The Senate on Monday confirmed Ketanji Brown Jackson as President Joe Biden‘s first appointee to the federal appellate court bench, replacing now-Attorney General Merrick Garland.
The Senate voted 53-44 to confirm Jackson to the powerful U.S. Court of Appeals for the D.C. Circuit, seen as the most influential panel in the country behind only the Supreme Court.
Republican Sens. Lindsey Graham of South Carolina, Susan Collins of Maine, and Lisa Murkowski of Alaska joined unanimous Democrats to confirm Jackson, a 50-year-old Black female jurist who was first appointed to the U.S. District Court in Washington by President Barack Obama in 2013.
“Judge Jackson is the first of many circuit court nominees that we will confirm during this Congress,” Sen. Richard Durbin said in remarks on the Senate floor. “Given her credentials and record on the bench, she is a nominee who deserves the support of senators on both sides of the aisle.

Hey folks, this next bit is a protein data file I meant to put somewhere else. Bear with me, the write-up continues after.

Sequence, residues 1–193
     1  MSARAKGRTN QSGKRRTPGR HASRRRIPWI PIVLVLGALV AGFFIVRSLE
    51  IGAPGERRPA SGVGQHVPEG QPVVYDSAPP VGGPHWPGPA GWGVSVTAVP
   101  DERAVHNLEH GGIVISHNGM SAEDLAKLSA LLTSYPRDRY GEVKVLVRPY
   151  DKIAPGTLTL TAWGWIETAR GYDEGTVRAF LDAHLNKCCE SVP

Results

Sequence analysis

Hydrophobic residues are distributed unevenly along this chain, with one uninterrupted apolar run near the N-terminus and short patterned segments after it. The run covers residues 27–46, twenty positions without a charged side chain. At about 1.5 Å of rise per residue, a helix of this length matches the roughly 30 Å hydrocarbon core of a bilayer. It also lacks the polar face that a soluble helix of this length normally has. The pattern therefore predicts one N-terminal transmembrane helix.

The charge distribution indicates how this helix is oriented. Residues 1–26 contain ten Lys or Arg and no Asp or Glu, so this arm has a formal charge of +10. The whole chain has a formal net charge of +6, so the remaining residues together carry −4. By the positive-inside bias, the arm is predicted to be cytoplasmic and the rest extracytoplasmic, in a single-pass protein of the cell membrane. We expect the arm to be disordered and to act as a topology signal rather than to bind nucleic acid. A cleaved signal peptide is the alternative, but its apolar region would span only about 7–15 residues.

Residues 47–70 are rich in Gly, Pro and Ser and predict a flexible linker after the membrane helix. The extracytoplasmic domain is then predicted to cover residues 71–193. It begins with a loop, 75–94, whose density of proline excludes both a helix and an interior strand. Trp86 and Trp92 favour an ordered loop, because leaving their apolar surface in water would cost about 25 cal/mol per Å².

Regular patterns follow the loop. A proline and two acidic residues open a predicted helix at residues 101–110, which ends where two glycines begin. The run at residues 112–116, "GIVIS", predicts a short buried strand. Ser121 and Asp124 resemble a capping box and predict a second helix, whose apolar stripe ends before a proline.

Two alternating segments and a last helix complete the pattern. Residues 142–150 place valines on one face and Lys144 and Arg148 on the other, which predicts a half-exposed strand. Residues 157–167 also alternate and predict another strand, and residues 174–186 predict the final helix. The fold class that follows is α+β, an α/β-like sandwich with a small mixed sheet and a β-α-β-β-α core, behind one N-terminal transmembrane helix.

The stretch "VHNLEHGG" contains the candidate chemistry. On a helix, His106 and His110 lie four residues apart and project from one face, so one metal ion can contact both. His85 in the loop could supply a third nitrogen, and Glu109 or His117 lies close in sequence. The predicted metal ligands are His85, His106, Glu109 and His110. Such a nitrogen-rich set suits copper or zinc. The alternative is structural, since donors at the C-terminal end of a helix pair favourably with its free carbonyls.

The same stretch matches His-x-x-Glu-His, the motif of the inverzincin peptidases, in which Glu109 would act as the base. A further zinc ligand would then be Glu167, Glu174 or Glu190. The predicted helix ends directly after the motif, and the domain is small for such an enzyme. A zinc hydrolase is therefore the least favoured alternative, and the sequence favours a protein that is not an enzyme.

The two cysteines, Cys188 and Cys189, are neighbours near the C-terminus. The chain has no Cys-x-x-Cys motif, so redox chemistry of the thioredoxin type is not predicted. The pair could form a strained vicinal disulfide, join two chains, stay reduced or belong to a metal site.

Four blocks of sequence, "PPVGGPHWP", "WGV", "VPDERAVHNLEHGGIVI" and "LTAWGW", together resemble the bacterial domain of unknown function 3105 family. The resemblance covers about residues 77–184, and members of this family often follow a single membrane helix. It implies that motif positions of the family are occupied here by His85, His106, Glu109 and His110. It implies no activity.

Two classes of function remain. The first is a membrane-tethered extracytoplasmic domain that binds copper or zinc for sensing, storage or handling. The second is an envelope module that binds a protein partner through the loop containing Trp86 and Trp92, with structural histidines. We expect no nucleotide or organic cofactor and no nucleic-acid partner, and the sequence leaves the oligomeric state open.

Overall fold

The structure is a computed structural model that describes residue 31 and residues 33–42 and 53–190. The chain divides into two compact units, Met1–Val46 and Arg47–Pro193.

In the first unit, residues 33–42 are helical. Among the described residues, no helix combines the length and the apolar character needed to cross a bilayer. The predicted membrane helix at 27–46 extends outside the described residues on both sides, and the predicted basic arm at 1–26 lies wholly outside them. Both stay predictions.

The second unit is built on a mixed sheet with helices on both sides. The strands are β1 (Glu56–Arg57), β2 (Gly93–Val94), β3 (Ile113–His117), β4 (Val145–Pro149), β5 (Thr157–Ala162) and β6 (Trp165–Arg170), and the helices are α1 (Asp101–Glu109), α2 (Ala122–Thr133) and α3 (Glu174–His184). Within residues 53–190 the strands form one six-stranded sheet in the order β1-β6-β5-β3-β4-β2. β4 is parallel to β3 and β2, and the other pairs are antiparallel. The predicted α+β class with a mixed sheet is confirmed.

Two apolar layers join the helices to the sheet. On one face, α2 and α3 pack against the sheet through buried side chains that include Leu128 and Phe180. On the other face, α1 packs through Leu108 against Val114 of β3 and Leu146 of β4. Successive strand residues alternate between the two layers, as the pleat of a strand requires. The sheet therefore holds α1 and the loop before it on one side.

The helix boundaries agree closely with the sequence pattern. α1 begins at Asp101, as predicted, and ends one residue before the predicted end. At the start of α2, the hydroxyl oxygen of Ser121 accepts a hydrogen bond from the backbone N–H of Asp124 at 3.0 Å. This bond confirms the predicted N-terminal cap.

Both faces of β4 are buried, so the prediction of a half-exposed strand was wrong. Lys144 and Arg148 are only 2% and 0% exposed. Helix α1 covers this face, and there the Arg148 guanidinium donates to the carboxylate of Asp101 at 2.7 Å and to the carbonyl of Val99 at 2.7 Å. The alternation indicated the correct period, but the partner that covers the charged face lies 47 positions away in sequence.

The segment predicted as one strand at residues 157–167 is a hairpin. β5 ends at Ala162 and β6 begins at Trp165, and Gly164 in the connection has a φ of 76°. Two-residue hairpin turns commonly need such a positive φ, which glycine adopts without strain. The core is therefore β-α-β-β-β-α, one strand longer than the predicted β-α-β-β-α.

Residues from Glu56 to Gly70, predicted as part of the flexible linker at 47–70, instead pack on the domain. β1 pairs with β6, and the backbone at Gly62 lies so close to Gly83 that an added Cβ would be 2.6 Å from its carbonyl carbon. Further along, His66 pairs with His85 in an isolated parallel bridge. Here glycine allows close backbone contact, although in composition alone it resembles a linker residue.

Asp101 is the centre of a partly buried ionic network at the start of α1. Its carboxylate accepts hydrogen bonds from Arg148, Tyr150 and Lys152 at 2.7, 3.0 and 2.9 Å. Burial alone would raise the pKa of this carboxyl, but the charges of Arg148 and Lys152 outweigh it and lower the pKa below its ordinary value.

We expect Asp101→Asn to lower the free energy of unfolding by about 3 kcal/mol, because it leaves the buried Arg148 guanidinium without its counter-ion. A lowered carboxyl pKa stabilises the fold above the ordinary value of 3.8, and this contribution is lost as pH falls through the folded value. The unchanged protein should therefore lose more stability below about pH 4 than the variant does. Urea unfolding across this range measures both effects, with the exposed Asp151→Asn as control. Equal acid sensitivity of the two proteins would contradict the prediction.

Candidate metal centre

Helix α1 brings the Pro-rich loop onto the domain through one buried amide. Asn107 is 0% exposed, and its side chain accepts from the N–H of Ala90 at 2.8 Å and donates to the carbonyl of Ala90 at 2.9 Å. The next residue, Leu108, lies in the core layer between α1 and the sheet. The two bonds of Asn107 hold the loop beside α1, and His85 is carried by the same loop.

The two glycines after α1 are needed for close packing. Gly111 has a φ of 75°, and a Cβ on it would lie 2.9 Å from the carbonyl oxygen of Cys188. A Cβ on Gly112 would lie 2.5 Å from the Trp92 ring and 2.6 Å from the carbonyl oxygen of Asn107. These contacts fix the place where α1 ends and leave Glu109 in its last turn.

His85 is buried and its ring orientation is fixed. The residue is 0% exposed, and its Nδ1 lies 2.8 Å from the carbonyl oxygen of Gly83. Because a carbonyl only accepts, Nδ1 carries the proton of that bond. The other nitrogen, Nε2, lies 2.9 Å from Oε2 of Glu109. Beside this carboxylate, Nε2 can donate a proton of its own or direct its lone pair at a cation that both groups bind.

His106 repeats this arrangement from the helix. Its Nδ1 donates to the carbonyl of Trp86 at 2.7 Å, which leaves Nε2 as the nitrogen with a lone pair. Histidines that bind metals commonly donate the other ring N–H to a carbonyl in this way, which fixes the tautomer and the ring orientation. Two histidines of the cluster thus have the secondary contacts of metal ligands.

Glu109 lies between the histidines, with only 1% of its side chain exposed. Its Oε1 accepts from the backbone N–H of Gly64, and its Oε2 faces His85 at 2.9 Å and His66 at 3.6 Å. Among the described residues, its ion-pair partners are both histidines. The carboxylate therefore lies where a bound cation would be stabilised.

Jackson, who grew up in Miami and earned a law degree from Harvard University, clerked for Justice Stephen Breyer at the Supreme Court and served as a public defender in Washington D.C.
She also was a key member of the U.S. Sentencing Commission under Obama.
Jackson is probably best known for a 2019 opinion in which she ruled that former White House counsel Don McGahn was obligated to comply with a subpoena issued by House Democrats during their investigation of allegations that President Donald Trump obstructed special counsel Robert Mueller’s investigation into Russian interference in the 2016 election.
The D.C. appellate court has frequently served as a stepping stone for a position at the nation’s highest court — current Supreme Court Justices John Roberts, Clarence Thomas and Brett Kavanaugh have made such moves.